The “Terrible Fours?”

 

     Lately, my four year old son, “E”, has been engaging in some shenanigans that I am going to chalk up to the fact that he is a little boy and that he is testing the waters. You guys have to realize that, although “E” is my second son and I have gone through this age with my older one, my two boys couldn’t be more like night and day. As a result of this, my husband and I find ourselves experiencing things with “E” that we never experienced with my oldest son. Let’s just say that it has gotten to the point that we have to be very vigilant of “E” because he is constantly up to something and rarely has any qualms about concocting elaborate stories and explanations to defend what he has done.

    Let’s begin with what I like to call the “Soap Incident of 2010.” I like to keep a beauty bar on top of the sink in the bathroom that I wash my face with daily. I’ve never had a problem with the kids touching it or playing with it and they know that it is Mommy’s. One particular night, last month, I awoke in the middle of the night to use the bathroom and I noticed that the toilet was flushing kind of funny after I went. The water was going down but very slowly so I figured that the kids had used up too much toilet paper and clogged the toilet again. Since it was the middle of the night, I decided that I would address the issue in the morning by using the plunger.

     The next morning, I finished brushing my teeth and reached over for my bar of soap to wash my face. I suddenly realized that the soap was gone and I couldn’t find it anywhere.  Call it Mother’s intuition or something but I called “E” into the bathroom and asked him if he knew what had happened to my soap.  He immediately began to say, “No, it wasn’t me, really!”  Now, I know my son so I put two and two together and asked him if he had put the soap in the toilet.  He continued to deny it until I asked him enough questions that he could answer to describe what had really happened.  You see, my son is very literal so asking him direct questions that do not match his version of the events will just elicit what might seem to be lies but, in his eyes, he is telling the truth.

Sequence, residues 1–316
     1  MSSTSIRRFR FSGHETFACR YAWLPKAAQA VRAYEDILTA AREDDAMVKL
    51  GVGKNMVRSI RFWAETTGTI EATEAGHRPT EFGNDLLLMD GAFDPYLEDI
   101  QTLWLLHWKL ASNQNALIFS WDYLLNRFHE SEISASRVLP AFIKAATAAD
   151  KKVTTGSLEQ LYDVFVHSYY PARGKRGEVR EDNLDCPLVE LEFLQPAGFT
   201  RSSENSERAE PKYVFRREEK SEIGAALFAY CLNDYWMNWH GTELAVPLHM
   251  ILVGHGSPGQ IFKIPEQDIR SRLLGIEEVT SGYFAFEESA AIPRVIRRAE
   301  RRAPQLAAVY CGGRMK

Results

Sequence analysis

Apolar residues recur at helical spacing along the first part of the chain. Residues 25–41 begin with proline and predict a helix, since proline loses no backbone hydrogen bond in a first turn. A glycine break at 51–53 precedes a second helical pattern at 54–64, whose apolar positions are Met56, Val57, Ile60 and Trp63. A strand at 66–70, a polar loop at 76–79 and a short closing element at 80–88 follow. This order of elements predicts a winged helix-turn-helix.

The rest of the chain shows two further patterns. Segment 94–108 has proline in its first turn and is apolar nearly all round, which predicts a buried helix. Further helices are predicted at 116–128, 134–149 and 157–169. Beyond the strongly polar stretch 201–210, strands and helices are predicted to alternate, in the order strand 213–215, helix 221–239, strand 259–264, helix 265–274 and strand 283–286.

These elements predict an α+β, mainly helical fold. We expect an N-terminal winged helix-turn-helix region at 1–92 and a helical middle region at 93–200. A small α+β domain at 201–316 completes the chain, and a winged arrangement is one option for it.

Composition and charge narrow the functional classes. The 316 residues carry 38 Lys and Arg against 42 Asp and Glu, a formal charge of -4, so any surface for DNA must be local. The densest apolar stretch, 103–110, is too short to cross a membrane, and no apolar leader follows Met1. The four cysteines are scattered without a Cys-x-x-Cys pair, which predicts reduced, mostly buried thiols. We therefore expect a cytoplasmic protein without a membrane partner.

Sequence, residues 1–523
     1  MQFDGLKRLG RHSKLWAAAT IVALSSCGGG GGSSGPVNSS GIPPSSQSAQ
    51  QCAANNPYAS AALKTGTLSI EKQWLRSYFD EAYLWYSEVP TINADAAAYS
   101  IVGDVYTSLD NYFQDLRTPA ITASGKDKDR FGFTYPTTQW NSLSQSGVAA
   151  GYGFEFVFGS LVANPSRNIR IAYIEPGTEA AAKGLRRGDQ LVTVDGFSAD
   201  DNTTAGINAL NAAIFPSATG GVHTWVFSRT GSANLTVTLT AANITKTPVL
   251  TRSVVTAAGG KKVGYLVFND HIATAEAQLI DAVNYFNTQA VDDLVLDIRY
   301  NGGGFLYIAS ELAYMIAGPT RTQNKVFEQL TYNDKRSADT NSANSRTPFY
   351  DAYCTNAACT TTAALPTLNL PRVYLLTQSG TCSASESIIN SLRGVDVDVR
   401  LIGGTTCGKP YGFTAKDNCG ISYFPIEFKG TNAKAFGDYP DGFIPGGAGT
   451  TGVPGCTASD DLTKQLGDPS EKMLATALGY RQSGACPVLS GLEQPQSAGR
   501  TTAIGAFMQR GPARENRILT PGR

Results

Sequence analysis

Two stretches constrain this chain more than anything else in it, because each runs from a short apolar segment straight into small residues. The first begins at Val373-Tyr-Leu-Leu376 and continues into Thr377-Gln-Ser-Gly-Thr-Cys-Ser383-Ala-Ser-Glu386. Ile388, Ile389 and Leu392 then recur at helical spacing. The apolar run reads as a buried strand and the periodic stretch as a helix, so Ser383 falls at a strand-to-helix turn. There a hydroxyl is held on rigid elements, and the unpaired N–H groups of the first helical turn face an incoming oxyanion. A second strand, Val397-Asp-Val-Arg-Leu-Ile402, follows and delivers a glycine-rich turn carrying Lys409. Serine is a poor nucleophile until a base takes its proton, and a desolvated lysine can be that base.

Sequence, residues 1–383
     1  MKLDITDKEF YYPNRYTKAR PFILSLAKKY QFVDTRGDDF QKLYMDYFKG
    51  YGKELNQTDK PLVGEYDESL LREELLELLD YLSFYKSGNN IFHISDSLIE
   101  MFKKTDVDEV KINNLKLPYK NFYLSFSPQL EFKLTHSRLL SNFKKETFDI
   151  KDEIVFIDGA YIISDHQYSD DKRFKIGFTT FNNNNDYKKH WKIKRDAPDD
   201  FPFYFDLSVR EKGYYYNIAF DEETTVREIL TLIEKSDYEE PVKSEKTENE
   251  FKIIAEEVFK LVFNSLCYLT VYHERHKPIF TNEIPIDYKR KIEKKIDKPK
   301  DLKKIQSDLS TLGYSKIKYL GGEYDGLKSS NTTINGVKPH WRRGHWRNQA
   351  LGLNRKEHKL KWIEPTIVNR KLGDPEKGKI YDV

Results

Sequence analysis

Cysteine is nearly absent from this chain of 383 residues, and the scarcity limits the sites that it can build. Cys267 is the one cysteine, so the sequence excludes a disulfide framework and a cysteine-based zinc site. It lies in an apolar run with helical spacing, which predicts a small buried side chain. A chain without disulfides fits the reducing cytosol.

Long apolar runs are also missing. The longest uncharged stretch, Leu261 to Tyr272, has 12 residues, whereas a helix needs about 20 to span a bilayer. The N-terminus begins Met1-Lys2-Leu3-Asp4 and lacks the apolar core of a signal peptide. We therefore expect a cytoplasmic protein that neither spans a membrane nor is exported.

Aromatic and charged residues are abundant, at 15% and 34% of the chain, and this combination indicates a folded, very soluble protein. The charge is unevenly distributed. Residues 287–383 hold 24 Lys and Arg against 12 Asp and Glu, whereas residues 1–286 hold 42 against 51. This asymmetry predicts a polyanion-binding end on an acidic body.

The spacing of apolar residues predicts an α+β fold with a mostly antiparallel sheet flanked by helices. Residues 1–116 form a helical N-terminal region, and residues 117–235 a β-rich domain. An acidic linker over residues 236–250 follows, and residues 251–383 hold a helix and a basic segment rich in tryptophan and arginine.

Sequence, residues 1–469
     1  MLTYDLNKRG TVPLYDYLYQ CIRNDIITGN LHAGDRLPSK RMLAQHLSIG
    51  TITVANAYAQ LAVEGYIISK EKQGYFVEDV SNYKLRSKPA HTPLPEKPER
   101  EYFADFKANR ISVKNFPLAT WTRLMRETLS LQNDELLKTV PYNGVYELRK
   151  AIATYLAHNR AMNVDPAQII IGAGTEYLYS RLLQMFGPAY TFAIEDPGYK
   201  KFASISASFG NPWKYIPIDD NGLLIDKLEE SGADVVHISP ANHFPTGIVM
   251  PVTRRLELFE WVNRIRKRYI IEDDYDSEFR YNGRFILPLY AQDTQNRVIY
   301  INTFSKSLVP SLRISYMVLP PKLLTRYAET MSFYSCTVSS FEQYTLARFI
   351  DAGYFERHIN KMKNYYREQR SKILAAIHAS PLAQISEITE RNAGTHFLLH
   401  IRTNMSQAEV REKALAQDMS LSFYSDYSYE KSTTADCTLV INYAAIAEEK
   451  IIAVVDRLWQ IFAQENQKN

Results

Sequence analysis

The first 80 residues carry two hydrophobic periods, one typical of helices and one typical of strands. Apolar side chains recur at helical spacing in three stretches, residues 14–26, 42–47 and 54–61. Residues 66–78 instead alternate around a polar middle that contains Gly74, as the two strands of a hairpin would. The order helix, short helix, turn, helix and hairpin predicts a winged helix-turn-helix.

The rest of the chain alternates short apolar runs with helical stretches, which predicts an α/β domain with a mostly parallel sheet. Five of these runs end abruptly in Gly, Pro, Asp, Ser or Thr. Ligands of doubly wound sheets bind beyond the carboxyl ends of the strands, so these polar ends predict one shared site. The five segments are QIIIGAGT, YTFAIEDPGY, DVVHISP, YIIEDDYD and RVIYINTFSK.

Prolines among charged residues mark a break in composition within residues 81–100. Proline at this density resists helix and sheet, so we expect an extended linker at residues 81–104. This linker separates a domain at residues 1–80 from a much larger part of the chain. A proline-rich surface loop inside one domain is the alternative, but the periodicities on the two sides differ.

According to “E”, he woke up in the middle of the night to use the bathroom.  It must have been before I woke up and he did not call me to turn on the light for him as he normally does.  After he used the toilet, he reached out for my soap to wash his hands since he could not see the liquid soap dispenser in the dark.  Since his hands were wet, the soap slipped out of his hands and flew in the toilet.  He then proceeded to tell me that he was not about to stick his hand in the toilet to retrieve the soap so he just flushed it.  I’m sure you are probably chuckling at this point but, I can tell you to plunging that soap and unstopping the toilet was no laughing matter for Hubby.

    This brings us to the “PB&J Fiasco” that just occurred two days ago.  I asked the boys what they wanted for lunch and “E” asked me for a peanut butter and jelly sandwich.  He is a picky eater so I try to accommodate his meal requests whenever possible.  After making the sandwich and serving it to him, I supervised to make sure that he was eating because he tends to play games and take forever to finish any meal.  He ate about three quarters of the sandwich at a snail’s pace and I had to keep reminding him to finish it.  I received a phone call which lasted about two minutes and, when I looked over at him, the sandwich was gone.  I asked him if he had finished it and he smiled and nodded.  My older son and I were so happy that he had finished his food that we even told him what a great job he had done.

    A couple of hours later, my husband sat down on the very part of the couch where “E” had been eating his sandwich on a TV table.  I don’t know what prompted him to do this but he somehow stuck his hand in the side of the couch and came up with a handful of peanut butter.  It seems my dear boy had shoved the remainder of his sandwich into the cushion of the couch while I was talking on the phone.  After a strong admonishing and punishing him from playing video games for a couple of days, I’m not sure that this will be the end of my little guy’s mischief. 

    I realize that all children are different and that is why my two boys have such different personalities.  I’m at a loss as to how to deal with my little guy’s storytelling and mishaps.  It’s important that he understands the importance of being truthful and not being deceptive.  I just wonder if he understands what lying is at this age or if he truly believes in his version of how events took place.  This is one of those things where I would love to hear feedback from parents of older children or siblings to see how they dealt with their little four year old characters.  Is there such a thing as the terrible “fours?”